North Cotabato gov’t lends funds to Cotelco to ease 10-to-14-hour brownouts
COTABATO CITY, Philippines — To ease the pain of long brownouts, the North Cotabato provincial government has been lending funds to the Cotabato Electric Cooperative (Cotelco) serving North Cotabato’s first district, Gov. Emmylou Mendoza said Saturday.
Mendoza met with power stakeholders in Cotelco-PPALMA area to address 10 to 14 hours of brownout in the towns of Pigcawayan, Pikit, Alamada, Libungan, Midsayap and Aleosan (PPALMA).
Dubbed “Forum on PPALMA Extensive Power Curtailment,” the forum was attended by representatives from Cotelco-PPALMA and COTELCO Main Office, Department of Energy, National Electrification Administration, National Power Corporation-Power Sector Assets and Liabilities Management, Corp. and National Grid Corporation of the Philippines.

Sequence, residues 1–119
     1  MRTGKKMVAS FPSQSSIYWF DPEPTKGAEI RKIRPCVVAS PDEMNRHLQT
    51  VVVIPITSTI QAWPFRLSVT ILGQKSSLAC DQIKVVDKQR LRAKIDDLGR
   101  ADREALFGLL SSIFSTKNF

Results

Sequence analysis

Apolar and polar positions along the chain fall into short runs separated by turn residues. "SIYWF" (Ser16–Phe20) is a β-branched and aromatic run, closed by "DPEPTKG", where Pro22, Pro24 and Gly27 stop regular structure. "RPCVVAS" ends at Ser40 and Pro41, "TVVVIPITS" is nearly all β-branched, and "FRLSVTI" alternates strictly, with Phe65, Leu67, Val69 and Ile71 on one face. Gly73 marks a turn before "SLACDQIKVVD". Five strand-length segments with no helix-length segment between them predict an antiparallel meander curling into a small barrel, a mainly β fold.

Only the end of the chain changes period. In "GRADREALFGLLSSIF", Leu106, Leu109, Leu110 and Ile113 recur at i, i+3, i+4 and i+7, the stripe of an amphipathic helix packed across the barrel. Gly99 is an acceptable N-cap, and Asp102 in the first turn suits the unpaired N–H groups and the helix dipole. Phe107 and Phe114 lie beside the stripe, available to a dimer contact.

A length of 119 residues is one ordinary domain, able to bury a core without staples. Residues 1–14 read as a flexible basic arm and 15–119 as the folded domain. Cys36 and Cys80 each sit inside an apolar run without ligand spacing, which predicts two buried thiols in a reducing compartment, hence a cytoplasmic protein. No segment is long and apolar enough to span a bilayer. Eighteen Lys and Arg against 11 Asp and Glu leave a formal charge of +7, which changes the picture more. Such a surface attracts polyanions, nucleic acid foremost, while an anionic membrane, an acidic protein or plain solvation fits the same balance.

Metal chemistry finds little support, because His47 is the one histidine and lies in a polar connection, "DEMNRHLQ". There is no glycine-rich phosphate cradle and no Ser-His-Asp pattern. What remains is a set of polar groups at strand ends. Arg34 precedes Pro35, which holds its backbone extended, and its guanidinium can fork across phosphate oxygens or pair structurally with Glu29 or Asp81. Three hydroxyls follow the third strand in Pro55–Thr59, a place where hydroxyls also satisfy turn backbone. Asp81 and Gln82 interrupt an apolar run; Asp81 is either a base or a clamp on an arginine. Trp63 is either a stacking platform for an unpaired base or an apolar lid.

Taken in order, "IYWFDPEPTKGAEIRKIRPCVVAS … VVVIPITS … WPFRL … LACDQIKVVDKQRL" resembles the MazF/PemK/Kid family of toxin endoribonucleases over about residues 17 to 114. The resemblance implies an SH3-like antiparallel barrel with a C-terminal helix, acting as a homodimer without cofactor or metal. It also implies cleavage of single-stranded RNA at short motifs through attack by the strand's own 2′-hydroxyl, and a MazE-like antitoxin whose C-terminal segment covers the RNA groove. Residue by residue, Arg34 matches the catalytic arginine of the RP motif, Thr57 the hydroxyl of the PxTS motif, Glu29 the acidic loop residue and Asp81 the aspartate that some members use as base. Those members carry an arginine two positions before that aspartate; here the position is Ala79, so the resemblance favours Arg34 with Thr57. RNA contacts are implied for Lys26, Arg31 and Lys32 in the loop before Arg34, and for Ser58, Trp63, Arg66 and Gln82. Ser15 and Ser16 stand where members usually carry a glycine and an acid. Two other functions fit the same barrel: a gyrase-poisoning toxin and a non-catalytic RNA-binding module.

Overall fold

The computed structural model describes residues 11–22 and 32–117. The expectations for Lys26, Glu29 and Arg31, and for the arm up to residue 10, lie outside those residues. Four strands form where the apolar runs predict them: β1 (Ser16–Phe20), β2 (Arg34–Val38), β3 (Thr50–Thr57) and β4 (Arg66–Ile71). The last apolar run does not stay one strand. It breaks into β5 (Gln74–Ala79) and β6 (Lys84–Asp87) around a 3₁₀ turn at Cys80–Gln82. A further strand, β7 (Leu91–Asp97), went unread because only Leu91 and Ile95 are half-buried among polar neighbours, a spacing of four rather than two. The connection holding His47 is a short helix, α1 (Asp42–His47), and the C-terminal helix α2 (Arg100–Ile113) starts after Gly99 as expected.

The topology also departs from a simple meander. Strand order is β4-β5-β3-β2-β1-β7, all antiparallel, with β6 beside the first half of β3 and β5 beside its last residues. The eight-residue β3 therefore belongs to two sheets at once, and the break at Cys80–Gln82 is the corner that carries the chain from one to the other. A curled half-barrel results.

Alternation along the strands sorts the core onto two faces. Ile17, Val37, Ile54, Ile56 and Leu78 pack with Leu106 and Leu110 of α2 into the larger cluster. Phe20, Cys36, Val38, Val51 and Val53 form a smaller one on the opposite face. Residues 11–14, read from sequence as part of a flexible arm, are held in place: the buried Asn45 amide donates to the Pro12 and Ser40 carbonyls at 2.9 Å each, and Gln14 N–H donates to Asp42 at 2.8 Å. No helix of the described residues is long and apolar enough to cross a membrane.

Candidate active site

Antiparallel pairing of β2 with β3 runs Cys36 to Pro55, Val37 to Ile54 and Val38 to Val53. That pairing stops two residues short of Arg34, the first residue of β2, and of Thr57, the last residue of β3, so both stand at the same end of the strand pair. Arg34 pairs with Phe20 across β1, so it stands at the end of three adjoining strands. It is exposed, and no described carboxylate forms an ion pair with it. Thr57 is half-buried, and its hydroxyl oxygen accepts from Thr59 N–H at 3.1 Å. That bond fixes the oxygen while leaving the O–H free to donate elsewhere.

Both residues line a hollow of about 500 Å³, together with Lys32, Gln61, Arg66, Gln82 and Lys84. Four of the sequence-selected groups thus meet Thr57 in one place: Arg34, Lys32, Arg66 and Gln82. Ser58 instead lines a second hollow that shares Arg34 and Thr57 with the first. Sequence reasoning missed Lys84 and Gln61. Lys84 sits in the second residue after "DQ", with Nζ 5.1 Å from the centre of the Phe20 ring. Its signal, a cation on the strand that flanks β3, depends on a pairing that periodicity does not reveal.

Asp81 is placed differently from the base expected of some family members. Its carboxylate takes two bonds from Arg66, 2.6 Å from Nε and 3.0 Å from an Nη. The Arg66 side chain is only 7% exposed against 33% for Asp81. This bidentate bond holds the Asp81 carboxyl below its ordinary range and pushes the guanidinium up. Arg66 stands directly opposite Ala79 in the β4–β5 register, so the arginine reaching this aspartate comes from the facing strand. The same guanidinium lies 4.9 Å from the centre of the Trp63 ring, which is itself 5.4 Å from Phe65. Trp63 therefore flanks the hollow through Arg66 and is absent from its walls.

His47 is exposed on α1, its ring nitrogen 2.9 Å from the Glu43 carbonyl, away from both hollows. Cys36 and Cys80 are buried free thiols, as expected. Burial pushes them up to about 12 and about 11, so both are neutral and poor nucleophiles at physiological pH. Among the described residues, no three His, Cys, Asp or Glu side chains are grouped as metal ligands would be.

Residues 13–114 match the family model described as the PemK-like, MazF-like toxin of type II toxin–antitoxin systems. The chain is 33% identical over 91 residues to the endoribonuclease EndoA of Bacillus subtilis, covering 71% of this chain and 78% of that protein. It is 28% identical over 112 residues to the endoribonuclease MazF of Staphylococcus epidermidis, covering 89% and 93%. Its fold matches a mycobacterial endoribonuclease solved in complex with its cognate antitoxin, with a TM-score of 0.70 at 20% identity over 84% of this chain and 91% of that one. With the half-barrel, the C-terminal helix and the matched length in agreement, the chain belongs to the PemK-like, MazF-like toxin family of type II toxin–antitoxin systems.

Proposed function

According to Cotelco-PPALMA manager Felix Canja, the cooperative needs 13 megawatts a day but has been getting only three to four hour power supply the past few weeks, forcing 10 to 14 hours power outages.
Before the power woes in Mindanao, Canja admitted that Cotelco-PPALMA failed to contract with Independent Power Producers for additional power supply on top of the load supplied by National Power Corporation.
Canja said Cotelco-PPALMA tried to purchase power generators but was shelved when the Energy Regulatory Commission rejected the plan.
To ease the pain, Gov. Mendoza said the provincial government would extend financial aid to Cotelco-PPALMA to buy two megawatts from Cotelco-main.
Cotelco-main General Manager Godofredo Homez said it had an 8-megawatt contract with Therma Marine to add up to 10 megawatt provided by NPC.
Homez said his cooperative could lend 2 megawatt to Cotelco-PPALMA. The 2 megawatts would cost the electric cooperative P2 million.
In a statement issued by Mendoza’s office Sunday, the governor wanted to ensure Cotelco-PPALMA’s capability to repay the amount.
Last week, Cotelco-PPALMA member consumers, held protest actions calling for “presidential intervention,” and describing the power situation “an emerging crisis situation.”
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